Alcest – “Ecailles de Lune, Part I” –

Here is a link to the second song on the album and it features harsher vocals but still it dreamy and jangly:

Alcest – “Ecailles de Lune, Part II” –

If Alcest are able to keep the hipsters plugged in, metalheads all over the world might get laid . . . in their parents’ basement.

Rimfrost – “A Swedish Black Metal Blizzard”

Rimfrost - "Veraldar Nagli" (2009)

Rimfrost – “Veraldar Nagli” (Season of Mist, 2009)

As I have mentioned several times before, many Black Metal bands have forgotten that the term “Black Metal” is shorthand for Black HEAVY Metal. Instead they think it stands for “Black Depeche Mode” or something equally ludicrous and un-rocking.  Thank God, Satan or Odin – take your pick – Sweden’s Rimfrost aren’t interested in phony dark atmospherics and “textures”; they are only interested in bludgeoning the listener.

Who are Rimfrost? They are a duo of “corpse paint” wearing metal dudes who live in Boras, Sweden and they are damn proud of that fact based on how many times they mention it. The singer and guitarist, Hravn, began jamming with Throllv, the drummer in 2002 at the tender of age of 14 so they are now approaching their wizened and elderly mid-20s. Rimfrost don’t have a permanent bass player at this point but Peter Laustsen (Nox Aurea, ex-The Cold Existence) plucked four strings on the album.*

Speaking of the record, “Veraldar Nagli” is Rimfrost‘s second slab of vinyl. According to the band’s myspace site, the album’s title translates into “Axis of the World,” which means the North Star.* It is their first album for the always interesting French record label, A Season of Mist.

What does it sound like? The band’s mission statement reads like this: “The Swedes from Borås are organically fusing Black, Death and Thrash Metal into a mighty sound of their own.”* While that description is a little over the top, you can’t blame a band for trying so make themselves sound more distinctive than they are. The truth is, though, Rimfrost are  heavy like “a cement mixer filled with anvils,” as one person put it. And I liked this album after the first few seconds of the first song because it sounded like heavy metal. No long “intros” to slog through – just heaviness based on riffs you can imagine Iron Maiden or Metallica or some other metal band playing.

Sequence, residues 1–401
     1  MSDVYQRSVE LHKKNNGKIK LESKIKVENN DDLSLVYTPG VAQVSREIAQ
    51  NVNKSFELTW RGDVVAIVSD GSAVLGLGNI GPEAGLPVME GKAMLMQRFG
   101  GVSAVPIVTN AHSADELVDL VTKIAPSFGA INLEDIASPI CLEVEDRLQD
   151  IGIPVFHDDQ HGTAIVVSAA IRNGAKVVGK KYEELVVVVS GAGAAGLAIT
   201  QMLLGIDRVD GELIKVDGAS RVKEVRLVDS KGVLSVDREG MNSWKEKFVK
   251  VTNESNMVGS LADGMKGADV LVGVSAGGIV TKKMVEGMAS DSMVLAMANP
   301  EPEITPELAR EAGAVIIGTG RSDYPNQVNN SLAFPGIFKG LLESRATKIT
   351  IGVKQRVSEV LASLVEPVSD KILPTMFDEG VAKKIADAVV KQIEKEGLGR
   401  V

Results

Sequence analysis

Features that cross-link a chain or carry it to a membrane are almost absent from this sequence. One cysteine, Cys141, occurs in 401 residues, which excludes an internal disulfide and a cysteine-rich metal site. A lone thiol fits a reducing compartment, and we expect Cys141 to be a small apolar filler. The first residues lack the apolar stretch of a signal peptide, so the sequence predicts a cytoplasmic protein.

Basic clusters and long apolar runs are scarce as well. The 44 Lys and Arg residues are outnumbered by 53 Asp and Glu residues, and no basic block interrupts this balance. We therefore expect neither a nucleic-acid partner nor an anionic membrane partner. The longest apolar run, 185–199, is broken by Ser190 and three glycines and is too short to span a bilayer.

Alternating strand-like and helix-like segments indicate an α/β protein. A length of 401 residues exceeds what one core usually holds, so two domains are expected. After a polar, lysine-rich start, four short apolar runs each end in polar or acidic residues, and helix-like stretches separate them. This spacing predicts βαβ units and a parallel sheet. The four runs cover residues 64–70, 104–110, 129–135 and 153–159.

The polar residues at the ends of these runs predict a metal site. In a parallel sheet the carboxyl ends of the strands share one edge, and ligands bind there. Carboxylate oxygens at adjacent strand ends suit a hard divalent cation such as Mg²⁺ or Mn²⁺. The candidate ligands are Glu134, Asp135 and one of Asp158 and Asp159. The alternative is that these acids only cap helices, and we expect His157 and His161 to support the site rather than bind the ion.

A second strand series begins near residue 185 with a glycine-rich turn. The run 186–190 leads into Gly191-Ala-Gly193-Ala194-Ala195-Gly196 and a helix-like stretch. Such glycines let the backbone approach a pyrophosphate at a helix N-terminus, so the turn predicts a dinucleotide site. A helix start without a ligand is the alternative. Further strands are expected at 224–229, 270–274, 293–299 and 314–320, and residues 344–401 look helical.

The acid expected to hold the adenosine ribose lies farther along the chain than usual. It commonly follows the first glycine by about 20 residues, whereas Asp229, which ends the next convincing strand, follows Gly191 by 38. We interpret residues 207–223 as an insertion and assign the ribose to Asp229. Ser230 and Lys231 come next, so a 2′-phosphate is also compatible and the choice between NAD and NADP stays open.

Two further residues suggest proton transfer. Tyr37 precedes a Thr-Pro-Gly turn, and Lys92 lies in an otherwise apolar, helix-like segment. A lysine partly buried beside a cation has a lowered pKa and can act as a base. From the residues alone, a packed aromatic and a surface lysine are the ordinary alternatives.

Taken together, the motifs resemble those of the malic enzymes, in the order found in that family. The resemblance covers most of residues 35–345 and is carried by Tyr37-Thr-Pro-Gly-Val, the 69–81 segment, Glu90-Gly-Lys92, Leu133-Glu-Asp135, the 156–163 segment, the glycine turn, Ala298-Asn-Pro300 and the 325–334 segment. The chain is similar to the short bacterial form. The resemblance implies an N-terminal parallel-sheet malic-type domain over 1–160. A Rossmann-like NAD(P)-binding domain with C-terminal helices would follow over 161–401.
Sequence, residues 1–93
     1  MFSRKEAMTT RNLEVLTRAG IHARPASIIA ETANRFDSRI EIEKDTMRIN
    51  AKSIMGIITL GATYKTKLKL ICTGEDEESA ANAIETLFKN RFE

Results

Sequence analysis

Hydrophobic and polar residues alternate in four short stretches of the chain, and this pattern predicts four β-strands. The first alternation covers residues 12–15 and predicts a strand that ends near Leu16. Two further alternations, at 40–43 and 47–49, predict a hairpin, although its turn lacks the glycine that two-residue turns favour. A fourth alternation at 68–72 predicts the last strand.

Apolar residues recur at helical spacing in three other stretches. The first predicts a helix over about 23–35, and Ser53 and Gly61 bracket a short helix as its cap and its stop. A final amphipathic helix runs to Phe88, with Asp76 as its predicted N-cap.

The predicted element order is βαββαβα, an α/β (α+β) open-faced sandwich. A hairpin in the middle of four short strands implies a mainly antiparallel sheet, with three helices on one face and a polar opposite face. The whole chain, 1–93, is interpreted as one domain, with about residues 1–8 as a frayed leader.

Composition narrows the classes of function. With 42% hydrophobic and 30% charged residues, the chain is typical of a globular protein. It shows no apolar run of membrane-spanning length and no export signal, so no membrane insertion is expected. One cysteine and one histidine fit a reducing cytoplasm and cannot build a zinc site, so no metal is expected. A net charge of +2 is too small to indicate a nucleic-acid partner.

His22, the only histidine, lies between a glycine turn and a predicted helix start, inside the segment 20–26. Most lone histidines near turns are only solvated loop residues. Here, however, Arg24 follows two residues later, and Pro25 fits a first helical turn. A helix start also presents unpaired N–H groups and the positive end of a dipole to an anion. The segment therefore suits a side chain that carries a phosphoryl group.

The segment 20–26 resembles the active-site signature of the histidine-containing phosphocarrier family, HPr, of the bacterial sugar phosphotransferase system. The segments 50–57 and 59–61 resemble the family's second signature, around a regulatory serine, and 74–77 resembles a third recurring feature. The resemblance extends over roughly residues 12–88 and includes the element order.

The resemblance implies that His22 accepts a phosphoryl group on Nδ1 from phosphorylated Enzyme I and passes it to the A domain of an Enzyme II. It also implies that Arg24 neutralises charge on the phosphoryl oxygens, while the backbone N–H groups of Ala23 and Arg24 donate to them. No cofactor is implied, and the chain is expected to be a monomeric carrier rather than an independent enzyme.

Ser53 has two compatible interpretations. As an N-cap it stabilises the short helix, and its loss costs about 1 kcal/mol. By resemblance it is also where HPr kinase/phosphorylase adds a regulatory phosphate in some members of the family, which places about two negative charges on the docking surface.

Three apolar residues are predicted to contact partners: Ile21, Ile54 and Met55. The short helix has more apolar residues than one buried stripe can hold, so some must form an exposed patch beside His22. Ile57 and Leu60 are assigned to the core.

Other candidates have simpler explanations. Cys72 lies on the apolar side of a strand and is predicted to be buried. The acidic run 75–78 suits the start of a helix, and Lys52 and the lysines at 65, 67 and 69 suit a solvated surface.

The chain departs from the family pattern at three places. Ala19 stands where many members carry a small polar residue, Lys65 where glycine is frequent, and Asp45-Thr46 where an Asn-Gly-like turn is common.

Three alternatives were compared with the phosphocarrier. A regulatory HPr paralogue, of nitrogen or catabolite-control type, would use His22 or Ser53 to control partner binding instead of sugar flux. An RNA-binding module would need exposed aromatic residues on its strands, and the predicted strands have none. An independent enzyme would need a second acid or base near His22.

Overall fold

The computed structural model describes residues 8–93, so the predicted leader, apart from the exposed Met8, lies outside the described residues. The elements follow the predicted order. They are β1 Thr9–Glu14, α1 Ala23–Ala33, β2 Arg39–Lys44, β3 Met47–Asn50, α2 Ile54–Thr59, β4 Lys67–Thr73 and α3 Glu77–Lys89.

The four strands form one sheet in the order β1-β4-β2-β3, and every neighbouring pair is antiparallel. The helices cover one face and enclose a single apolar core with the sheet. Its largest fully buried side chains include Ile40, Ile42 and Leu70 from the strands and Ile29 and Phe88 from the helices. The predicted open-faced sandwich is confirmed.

Rimfrost – “Varaldar Nagli”

My enthusiasm for this record now brings us to a point that I have been studiously avoiding – it’s metal but is it blackened metal? Rimfrost touts the album as a “A Swedish Black Metal Blizzard,” which is an interesting description because Sweden isn’t really known for its Black Metal – Sweden’s specialty is ye olde Death Metal.* And honestly “Veraldar Nagli” has more in common with Amon Amarth than Burzum or even other Black Metal bands like Vreid. There are no bacon sizzling treble tremolo guitars here, lots of “cookie monster” vocals instead of spectral blackened vocals. In the end, it doesn’t matter which label you want to stick on this record because it bludgeons regardless of which genre of “extreme” metal it gets stuck in.

*, accessed 12.2.10